green goddess

Arum lily

Illumed by harsh department store neons, ladies circumambulate the latest fashions, meanwhile, beyond, under an oyster-white sky, in large planters amid spicy nasturtiums, stand arum lilies with green-white spathes.

Arum lily

Zantedeschia aethiopica ‘Green Goddess’

Arum lily

Prosodic Fioriture (a term from my own Language of Flowers, volume 16, second edition–the first one was just plain bad–its dark heart replete with factual accuracies (the horror), the bane of those writers (post post-modern) who fictionalize the lives and times of flowers, while looking back, jauntily, at dogeared seed catalogs of yesteryear ).

Erythrina crista-galli



Row, row, row your boat…


I stole the vamp from a Triumvirat album and incorporated [butchered] the classic ditty–in a minor key, of course.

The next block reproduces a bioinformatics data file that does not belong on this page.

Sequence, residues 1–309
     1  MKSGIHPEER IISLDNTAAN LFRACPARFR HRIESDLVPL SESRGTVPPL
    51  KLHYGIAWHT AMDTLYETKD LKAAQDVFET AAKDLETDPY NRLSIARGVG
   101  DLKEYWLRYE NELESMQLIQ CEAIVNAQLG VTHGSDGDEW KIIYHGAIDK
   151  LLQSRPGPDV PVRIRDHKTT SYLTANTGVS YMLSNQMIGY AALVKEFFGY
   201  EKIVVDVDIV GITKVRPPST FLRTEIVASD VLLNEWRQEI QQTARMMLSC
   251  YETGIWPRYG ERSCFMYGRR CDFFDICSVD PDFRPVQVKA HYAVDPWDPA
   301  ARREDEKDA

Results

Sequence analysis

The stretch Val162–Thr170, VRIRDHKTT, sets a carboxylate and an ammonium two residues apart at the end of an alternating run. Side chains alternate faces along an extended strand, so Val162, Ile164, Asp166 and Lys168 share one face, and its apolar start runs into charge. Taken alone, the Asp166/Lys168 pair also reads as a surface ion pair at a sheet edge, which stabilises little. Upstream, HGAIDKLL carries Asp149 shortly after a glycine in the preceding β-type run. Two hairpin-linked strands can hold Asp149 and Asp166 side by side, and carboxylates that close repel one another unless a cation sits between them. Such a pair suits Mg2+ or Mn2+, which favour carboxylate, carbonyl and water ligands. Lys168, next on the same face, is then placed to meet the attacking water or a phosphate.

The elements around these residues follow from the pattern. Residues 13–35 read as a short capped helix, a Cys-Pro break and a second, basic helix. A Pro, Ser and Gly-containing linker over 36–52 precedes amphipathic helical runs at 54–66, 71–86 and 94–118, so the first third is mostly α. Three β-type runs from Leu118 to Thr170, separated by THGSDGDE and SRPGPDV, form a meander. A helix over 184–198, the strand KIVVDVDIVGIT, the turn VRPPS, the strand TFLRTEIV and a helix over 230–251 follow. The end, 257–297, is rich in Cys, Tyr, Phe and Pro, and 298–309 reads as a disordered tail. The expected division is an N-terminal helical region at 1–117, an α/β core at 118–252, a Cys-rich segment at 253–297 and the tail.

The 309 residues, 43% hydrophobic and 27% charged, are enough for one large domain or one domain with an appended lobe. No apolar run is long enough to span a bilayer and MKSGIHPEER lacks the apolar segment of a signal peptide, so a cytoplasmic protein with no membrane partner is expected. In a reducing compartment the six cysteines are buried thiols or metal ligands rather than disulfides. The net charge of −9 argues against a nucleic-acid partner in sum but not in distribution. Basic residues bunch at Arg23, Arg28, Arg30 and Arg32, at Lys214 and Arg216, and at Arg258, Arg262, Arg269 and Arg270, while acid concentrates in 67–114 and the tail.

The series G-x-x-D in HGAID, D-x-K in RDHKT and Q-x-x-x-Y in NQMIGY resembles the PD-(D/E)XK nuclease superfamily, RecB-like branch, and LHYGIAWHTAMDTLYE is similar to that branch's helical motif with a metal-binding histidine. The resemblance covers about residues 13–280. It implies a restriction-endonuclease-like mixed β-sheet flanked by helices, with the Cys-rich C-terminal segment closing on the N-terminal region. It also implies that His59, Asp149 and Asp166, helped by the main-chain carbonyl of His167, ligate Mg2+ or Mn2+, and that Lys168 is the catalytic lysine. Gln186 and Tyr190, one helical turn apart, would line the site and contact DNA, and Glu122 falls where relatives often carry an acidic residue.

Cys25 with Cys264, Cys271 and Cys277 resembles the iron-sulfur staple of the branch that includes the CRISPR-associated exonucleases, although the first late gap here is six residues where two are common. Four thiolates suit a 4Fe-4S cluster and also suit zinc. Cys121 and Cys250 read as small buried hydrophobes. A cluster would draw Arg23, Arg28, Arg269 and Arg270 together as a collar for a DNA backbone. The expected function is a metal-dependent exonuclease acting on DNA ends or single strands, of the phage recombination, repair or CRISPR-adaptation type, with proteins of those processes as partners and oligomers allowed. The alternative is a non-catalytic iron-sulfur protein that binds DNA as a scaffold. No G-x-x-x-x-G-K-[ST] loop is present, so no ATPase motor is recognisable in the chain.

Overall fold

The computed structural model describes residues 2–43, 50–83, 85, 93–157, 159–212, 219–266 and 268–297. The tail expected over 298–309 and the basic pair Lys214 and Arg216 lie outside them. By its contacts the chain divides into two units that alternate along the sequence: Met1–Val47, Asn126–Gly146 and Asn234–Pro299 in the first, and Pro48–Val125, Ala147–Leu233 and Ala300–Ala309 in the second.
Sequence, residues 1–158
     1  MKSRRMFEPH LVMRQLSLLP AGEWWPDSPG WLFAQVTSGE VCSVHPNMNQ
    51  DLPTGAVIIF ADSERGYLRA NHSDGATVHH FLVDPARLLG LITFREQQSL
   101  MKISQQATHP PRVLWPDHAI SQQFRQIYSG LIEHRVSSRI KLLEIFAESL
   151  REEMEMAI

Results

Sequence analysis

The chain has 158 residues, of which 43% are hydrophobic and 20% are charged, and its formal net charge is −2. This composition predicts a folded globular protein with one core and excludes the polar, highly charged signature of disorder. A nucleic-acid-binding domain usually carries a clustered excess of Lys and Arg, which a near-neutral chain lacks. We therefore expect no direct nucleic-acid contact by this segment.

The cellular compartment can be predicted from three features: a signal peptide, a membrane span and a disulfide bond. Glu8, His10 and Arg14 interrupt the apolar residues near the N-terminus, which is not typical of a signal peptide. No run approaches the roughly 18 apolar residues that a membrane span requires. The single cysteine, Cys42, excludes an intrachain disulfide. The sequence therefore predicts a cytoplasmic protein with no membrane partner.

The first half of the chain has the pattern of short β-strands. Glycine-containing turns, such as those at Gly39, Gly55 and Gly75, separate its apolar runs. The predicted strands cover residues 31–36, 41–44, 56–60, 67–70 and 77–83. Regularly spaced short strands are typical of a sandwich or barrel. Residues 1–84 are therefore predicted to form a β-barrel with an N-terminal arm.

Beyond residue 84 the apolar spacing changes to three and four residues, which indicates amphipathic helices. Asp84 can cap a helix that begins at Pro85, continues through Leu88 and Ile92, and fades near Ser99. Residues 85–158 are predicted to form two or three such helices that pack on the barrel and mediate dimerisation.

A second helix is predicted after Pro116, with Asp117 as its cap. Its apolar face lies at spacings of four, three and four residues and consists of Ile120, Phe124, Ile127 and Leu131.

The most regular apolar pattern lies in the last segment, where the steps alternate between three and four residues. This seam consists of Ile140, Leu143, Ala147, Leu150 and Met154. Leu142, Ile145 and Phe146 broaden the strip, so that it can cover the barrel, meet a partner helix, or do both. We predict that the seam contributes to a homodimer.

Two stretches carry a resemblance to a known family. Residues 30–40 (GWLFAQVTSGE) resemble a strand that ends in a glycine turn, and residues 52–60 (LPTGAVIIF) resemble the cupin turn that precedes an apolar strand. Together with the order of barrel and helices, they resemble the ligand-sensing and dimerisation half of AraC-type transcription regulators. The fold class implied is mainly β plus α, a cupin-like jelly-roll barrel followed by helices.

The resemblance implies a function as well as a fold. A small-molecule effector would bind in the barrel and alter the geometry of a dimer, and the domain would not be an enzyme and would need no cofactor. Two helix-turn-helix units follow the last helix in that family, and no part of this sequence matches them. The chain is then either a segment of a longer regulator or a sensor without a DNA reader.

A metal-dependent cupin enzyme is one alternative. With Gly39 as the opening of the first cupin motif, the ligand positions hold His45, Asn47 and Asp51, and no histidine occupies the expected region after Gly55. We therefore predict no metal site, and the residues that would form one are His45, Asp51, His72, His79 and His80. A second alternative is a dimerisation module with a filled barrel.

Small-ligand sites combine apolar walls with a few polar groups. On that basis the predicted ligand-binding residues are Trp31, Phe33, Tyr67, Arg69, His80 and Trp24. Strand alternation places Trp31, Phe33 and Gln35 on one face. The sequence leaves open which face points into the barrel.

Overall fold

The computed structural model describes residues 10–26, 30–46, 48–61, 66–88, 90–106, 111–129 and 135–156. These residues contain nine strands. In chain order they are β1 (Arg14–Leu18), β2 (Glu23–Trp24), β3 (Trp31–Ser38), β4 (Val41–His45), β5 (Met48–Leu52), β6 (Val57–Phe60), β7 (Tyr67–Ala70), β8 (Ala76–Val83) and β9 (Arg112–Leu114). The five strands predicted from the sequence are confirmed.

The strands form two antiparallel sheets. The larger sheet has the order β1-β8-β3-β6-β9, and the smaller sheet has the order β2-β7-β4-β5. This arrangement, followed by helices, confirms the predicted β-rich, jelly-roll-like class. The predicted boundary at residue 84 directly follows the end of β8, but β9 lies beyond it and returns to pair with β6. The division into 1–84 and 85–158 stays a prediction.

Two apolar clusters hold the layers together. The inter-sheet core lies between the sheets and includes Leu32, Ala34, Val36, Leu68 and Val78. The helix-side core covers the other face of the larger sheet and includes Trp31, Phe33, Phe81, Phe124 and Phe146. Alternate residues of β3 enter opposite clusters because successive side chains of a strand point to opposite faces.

Myths and better myths


The ancient Greeks and the old-time Romans were great at inventing tepid mythical beings: think half-horse-half-man or, quiveringly, three-headed puppy dogs, but this lack of imagination is probably the product of bad wine or, respectively, a demonstration of the deleterious effects of having gotten rabies from one of Hercules’ pets (which are not necessarily from the animal kingdom, but that’s another subject) .

And yet what I am about to advance is no more imaginative, probably less so. But still, you are a captive audience and have little choice but to hear of how floriferous trees sometimes shred their ambassadors of color, making a rainbowy carpet for the downtrodden to rest upon. But what if these flowers did not come from a tree? What if they weren’t even dropped out of a florist’s van (oh those hairpin turns)? What if they grew straight out of the terra firma? That would be mythical, don’t you think?

So consider Kaempferia rotunda, a lovely ginger that flowers directly from the ground. Who needs the jaundiced mythology of the Greeks and the Romans? Incidentally, the species is native to China–just like the Papillon.